With the TV show coming out, I finally, after 20 years of reading, buckled under the pressure and picked up The Eye of the World (1990). I knew a bit of what I could expect, notably the similarities between this first book and JRR Tolkien’s The Fellowship of the Ring. Nevertheless, I was about to quit this novel at around 60% because of cumulative boredom and general frustration, but persevered through sheer mastodonic willpower to its messy final act.
First, the Tolkien thing. That wasn’t even the reason that did me in, but let’s address it. I’ve often heard the excuse that is made for these similarities with Tolkien and that is that the publishers at the time wanted epic fantasy to resemble Tolkien for greater sales. But I don’t really understand that and it goes against what Jordan himself has said. Surely there has been fantasy published before the 1990s that was unlike Tolkien? Stephen Donaldson’s Lord Foul’s Bane was published in 1977, and, while also inspired by Tolkien, was not nearly as blatant in it as The Eye of the World… Jordan said that he wanted to present the readers with something familiar and comfortable, before branching out on his own ideas of epic fantasy, and I take it that he was not coerced into making this decision. To shine a more positive light on it, Jordan’s book acknowledges the roots of the epic fantasy genre, before subverting that structure and pushing it into newer directions. In that sense he followed the same footsteps as Stephen Donaldson’s series and Tad Williams’s The Dragonbone Chair (1988). It would only be a few years later when George RR Martin’s A Game of Thrones (1996) completely flipped the table.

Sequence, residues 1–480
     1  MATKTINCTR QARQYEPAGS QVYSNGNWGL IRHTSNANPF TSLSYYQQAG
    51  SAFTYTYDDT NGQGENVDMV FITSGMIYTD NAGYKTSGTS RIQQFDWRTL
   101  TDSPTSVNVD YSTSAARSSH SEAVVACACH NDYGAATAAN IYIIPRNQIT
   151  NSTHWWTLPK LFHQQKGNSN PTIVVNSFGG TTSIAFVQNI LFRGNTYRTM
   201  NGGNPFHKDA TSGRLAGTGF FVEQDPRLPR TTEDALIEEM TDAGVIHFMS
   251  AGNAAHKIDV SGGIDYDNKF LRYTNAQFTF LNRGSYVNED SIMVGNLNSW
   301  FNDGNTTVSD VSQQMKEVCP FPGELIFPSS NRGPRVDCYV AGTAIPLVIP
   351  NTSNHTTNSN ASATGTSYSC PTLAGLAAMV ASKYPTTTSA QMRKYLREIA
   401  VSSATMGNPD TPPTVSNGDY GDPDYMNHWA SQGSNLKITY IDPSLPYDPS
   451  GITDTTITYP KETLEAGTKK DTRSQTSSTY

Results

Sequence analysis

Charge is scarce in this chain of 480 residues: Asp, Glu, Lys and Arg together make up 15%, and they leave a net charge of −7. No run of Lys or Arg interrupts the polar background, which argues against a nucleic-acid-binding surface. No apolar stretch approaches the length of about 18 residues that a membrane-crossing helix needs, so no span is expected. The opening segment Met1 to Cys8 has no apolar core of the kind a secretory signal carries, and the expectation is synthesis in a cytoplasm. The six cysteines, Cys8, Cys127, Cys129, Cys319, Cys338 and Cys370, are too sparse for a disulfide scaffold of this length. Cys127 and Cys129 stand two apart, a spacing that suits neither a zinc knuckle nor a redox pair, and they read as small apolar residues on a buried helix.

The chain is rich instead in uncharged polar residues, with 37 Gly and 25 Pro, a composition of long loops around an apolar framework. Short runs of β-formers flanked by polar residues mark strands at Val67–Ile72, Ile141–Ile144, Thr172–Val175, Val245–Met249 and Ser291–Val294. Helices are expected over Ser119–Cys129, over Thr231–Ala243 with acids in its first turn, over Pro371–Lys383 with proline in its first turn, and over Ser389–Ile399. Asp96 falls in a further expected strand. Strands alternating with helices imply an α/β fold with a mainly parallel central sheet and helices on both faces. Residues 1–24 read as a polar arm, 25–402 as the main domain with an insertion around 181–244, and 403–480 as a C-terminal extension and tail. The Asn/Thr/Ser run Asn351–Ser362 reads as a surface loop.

The Eye of the World may be so heavily inspired by The Lord of the Rings that it has copied not only the general structure of the plot but also has the equivalents of its locations, character groups and races, down to a Mountains of Dhoom and fireworks in the Shire – but that doesn’t mean that Jordan didn’t put any effort into making something nice out of it. In the opening chapters, for example, we find ourselves in Emond’s Field, the little village where Rand and his Merry- and Pippin-equivalent friends are gathered for a big party before the adventure really starts, and Jordan makes this a quaint and sweet little village with quaint and sweet villagers, using a bit of comedy here and there. And when Rand’s life is upended and his call to adventure begins, the events are suitably harrowing. Jordan gives himself free reign within the framework he co-opted.